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Thread: What human emotions do dogs express and not express? Reply to Thread
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Topic Review (Newest First)
04-28-2014 09:40 PM
mcdanfam
What human emotions do dogs express and not express?

Personally, I think dogs do feel pride...which I believe helps with the positive training practices....they enjoy the praise and know they will get a repeat if they follow through with the command. I don't think they feel the same kind of pride that humans do...but their own version of pride.

Our Millie...will get jealous. If we are praising Miles, or he walks over to be loved...when she sees him getting rubs she will come over, chest bump him out of the way and try to hog the rubs, we push her back and make her wait until we pet Miles. If Miles is getting praise....she will come in, look at who's praising, look at Miles...repeat this a couple of times and them try to again...steal the floor. She is definitely the more outgoing, attention demanding diva....Miles is very laid back and can ignore most of her antics.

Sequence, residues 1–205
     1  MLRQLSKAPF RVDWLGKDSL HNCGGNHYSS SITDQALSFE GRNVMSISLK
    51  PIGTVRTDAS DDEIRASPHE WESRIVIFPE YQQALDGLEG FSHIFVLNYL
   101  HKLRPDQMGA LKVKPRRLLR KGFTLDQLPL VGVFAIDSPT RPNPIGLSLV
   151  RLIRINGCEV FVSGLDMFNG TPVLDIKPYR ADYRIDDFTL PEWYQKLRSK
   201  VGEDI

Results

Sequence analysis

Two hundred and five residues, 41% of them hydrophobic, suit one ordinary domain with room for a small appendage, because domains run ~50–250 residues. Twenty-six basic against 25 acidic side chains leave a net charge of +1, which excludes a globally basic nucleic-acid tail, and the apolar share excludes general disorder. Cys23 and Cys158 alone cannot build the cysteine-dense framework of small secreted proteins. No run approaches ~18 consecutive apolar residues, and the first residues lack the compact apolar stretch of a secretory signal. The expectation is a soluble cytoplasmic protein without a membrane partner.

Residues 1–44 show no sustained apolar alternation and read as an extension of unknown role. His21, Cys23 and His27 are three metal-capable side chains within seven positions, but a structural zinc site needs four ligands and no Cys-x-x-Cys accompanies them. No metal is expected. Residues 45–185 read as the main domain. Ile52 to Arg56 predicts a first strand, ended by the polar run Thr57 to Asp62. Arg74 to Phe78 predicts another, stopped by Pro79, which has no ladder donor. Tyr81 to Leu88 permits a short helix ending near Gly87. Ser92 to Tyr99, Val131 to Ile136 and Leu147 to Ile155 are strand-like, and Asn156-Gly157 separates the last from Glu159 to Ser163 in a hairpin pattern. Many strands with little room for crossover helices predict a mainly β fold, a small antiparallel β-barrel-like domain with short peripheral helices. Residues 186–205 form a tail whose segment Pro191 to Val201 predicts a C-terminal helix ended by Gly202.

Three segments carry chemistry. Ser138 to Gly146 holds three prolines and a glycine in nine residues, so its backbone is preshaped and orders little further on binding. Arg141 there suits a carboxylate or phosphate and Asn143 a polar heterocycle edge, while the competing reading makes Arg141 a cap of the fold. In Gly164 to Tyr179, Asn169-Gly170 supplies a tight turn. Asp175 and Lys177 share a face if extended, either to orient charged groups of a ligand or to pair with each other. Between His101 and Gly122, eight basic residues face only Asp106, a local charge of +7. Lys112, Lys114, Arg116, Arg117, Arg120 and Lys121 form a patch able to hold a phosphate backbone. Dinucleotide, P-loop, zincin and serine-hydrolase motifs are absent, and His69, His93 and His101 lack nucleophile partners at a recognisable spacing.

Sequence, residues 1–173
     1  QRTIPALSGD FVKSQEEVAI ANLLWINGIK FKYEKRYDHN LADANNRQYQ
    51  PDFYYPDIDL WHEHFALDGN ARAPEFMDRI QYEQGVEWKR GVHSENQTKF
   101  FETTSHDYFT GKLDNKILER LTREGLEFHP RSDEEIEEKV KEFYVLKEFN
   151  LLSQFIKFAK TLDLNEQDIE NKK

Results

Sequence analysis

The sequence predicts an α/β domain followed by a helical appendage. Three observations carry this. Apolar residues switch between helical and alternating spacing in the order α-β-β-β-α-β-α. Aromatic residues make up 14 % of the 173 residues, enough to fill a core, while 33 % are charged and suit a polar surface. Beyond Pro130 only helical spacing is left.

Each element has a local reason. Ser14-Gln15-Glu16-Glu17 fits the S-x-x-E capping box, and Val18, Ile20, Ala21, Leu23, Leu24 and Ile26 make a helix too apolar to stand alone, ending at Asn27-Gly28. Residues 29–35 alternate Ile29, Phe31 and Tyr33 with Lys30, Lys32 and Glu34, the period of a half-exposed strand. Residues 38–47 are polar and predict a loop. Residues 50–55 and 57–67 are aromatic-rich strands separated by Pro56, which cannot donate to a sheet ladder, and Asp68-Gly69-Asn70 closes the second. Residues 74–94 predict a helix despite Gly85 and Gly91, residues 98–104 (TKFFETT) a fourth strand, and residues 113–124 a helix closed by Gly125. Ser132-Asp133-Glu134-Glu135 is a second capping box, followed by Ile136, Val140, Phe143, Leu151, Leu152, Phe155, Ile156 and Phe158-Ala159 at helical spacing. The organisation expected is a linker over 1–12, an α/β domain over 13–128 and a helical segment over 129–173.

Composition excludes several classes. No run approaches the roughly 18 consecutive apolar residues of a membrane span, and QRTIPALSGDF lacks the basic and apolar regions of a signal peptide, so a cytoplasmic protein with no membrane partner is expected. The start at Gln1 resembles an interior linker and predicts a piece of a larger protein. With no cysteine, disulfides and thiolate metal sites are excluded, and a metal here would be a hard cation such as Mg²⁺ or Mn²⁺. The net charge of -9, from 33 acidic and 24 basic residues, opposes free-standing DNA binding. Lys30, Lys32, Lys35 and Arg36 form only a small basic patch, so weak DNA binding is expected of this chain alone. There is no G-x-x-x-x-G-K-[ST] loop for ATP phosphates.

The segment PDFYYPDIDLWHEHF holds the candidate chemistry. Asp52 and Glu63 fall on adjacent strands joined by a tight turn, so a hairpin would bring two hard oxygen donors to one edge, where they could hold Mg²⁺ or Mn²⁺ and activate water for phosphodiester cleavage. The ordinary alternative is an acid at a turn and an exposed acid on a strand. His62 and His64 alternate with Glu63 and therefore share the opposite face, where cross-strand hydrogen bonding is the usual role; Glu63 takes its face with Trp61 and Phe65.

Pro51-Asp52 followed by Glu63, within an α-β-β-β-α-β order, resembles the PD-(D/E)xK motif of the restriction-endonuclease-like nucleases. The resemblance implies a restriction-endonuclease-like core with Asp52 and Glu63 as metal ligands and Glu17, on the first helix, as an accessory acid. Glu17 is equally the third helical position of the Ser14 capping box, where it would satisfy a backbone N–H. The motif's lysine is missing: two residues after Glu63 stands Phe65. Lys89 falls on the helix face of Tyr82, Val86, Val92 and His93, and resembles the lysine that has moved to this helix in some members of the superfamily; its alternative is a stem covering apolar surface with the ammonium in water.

Obnoxious, trouble maker, spoiled diva brat...if miles is playing with a toy, she will try to get him to show her attention...if he doesn't she will take his you...he will go to the basket and get another....she takes that one...she will repeat this until he is out of toys at which time she will grab his back leg and tug on it until he gives her the chase she is bugging him for....

Stubborn...Millie and Miles both have their obedience down...they listen to commands and don't challenge us when we give a command....with the exception of meds....Millie will spit her preventive pill out, we give it to her again...she will hack and cough until she spits it up again...ear cream-she will hide behind the sofa and peek over the top, we don't let her get away with it and when we go to get her to push her into the kitchen...she goes dead weight...Miles if he knows it is time for anything having to do with ear cleaning will hide behind the drapes and thinks we can't see his tail...the difference if we say...miles...with a different tone...he slowly and poutingly makes his way to us...where Millie will dead weight when she does not want to have her ears cleaned or wiped out.